As of tomorrow, I will have been back from Afghanistan two weeks. I keep thinking back to the sight – as viewed from the window of my heavily armored Land Cruiser – of young girls in their clean school uniforms bravely making their way home across the chaotic traffic that careened along Airport Road. I watched them as if I were seeing across a vast chasm of culture and time, and not only through bullet-proof glass. Who were these girls, and what are their prospects?
Two weeks is a short time, and the images and feelings from Kabul remain vibrant. My strongest Kabul memory is of the almost eerie feeling that came simply from being present in the country that many surveys distinguish as the worst country in the world in which to be a woman. That poignant awareness, overlaid with the sight of those school girls, led me to a bigger picture: the plight of the more than 15 million women of Afghanistan. Two weeks has done little to clarify those perplexing thoughts; I remain confounded and more than a little distressed.
Intellectually I can appreciate, at least at some level, that Afghan women and girls are so subjugated and disempowered and have been for so long that there’s precious little they can do on their own to reverse this deeply inequitable situation. The fact that their plight is now significantly better than it was in the days of the Taliban and the earlier Islamic State of Afghanistan almost doesn’t matter; when you remain so far below the human dignity threshold the incremental gains seem to carry less weight. But even if I make that allowance, I struggle to understand why Afghan men and boys would allow all of this to happen, or at least to continue. Are their relationships with their grandmothers, mothers, wives, sisters, nieces, daughters, and granddaughters really so different than ours that this extraordinary disequilibrium between the sexes is perceived to be acceptable, or in any way desirable?
Let me take a few steps back. “All of this”? “Extraordinary disequilibrium”? Over the past few decades Afghanistan has been thoroughly studied, and the story that emerges – well, that jumps out – from the data is deeply disturbing to me. An estimated 70 percent of marriages in Afghanistan were forced upon the brides. Despite laws on the books forbidding it, more than half of all Afghan brides continue to be younger than the legal marriage age of 16 (or 15 with a guardian’s and a court’s approval – the girl’s approval is irrelevant). And what’s life like for Afghan women after marriage? An Afghan wife has little say in how many children she bears, or when. One Afghan woman dies in childbirth every thirty minutes, leaving that country with the tragic distinction of having the highest maternal mortality rate in the world. Afghan girls are also discouraged, sometimes “terminally”, from seeking an education. Domestic violence is so common that 87 per cent of Afghan women admit to experiencing it (and a significant proportion of that domestic violence is instigated by the mother-in-law). The number of honor killings and sexual assaults has increased in almost every part of the country; based on statistics collected during the past five years an estimated 150 cases of honor killing occur annually.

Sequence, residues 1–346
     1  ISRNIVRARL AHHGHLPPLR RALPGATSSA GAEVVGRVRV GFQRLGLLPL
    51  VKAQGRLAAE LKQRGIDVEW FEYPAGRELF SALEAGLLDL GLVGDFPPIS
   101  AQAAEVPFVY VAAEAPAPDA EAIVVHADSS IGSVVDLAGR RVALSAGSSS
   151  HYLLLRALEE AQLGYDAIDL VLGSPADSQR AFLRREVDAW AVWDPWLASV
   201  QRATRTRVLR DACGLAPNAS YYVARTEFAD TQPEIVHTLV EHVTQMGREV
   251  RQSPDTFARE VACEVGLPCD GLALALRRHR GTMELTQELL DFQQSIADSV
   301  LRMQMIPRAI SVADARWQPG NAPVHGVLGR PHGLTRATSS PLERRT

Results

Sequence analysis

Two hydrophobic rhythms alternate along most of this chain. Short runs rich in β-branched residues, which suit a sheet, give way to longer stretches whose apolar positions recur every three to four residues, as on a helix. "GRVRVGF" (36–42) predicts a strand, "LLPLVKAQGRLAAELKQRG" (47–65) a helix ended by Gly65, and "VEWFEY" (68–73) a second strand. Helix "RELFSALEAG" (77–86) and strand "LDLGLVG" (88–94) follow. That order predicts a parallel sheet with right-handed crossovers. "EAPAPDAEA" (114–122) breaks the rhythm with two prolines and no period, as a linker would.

Even for Afghan women who are not married, the realities are often grim. Afghan rape victims can be forced, by law, to marry their attacker. According to reports from reputable NGOs, hundreds of thousands of Afghan women continue to suffer abuse at the hands of their husbands, fathers, brothers, armed individuals, parallel legal systems, and institutions of state, such as the police and justice systems. No Afghan law specifically prohibits sexual harassment, and while Afghan law does stipulate that workplace discrimination between women and men is not allowed, that prohibition does not include equal pay for equal work. And of course the March 2015 mob execution of Farkhunda Malikzada remains fresh in our collective memories; killed after being falsely accused of burning a Koran. The vehemence of her execution was and remains unnerving: she was stoned to death, her body was run over by a car, and then she was set on fire. Justice in this case remains elusive, as an Afghan appeals court subsequently set aside the death sentences of four men who participated in the mob killing.
So, perhaps it’s no surprise that Afghanistan is the only country in the world in which the female suicide rate is higher than that of males. Continue reading The Indignity of being Female